comic book fever

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GEORGE KHOURY's “love letter” to his personal golden age of comics, 1976-1986, covering all the things that made those comics great—the top artists, the coolest stories, and even the best ads! Comic Book Fever captures that unique era, with new articles, interviews, and images from: Neal Adams, John Romita, George Pérez, Marv Wolfman, Alan Moore, Denny O’Neil, Jim Starlin, José Luis García-López, The Hernandez Brothers, The Buscema Brothers, Stan Lee, Jack Davis, Jack Kirby, Kevin Eastman, Chris Claremont, Gerry Conway, Frank Miller, and more. It covers Uncanny X-Men, New Teen Titans, Teenage Mutant Ninja Turtles, Love and Rockets, Crisis On Infinite Earths, Superman vs. Spider-Man, Archie Comics, Harvey Comics, Kiss, Star Wars, Rom, Hostess Cake ads, Grit(!), and other milestones!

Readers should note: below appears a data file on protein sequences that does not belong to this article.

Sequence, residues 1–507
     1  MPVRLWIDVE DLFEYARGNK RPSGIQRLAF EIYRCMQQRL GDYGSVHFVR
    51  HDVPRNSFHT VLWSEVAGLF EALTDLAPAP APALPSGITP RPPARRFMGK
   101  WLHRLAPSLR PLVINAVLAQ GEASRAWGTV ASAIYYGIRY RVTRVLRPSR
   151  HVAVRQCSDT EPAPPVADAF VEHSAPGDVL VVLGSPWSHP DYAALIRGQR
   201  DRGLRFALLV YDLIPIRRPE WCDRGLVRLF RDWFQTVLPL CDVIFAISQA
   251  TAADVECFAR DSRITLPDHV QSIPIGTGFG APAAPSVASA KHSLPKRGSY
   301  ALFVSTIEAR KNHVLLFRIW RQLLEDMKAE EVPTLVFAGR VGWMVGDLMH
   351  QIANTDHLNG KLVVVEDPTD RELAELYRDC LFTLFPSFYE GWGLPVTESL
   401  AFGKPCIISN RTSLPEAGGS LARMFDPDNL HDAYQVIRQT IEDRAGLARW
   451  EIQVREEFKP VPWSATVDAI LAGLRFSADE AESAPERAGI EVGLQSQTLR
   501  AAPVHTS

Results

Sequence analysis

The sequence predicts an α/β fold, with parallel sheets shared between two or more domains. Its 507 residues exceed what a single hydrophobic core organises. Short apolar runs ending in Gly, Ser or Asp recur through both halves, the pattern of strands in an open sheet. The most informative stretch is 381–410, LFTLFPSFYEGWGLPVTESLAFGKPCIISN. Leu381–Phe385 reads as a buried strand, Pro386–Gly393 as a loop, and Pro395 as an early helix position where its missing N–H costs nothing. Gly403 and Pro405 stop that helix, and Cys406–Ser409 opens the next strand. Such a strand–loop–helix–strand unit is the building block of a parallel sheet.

• A Celebration of Comics1976 to 1986

    A Celebration of Comics1976 to 1986




    der Ven


  • 3 Introduction by Alex Ross 4 Celebrate the Spirit of 1976 6 Big Jims P.A.C.K. 8 The Ballad of the G.I. Joe Adventure Team 9 The Harvey Funny Books 14 The Marvel Team-Up Series 17 Sidebar: DC Comics Presents 19 ICON: John Romita 23 SIdeBAR: Spidey Super Stories 26 The Groovy Marvel Fireside Books 27 Forever YoungArchie Comics 29 Pryde (in the Name of Love) 30 Mutants! 32 SIdeBAR: Wolverine 37 SPOTLIGHT on dave Cockrum 41 The Alternate Realites of What If? 44 Grit: Americas Greatest Family Newspaper 47 Colorful Heroes 52 Street Ball 54 Superman Vs. Muhammad Ali 59 The Treasury editions 61 Superman Vs. Spider-Man 66 The Hostess Cakes Comic Book Ads 68 SIdeBAR: Crazy for Krazy Straws! 70 SIdeBAR: Brain Freeze 71 Snyderman 73 SIdeBAR: Snyderman & Kubert 75 The Metagalactic Mind of Jim Starlin 81 The Neverending Story of Star Wars 83 SIdeBAR: danis Story 85 The Comic That Rocked the World 87 How the KISS Comic Came to Be 91 Alice CooperMarvel Premiere #50 92 The Mile High Club 94 SIdeBAR: The Code of the direct Market 96 Promotional and educational Comic Books 97 SIdeBAR: With Our Compliments 98 SIdeBAR: Oh Yeah!Kool-Aid Man 99 dollar Sized delight 101 ElfquestIndie Trendsetters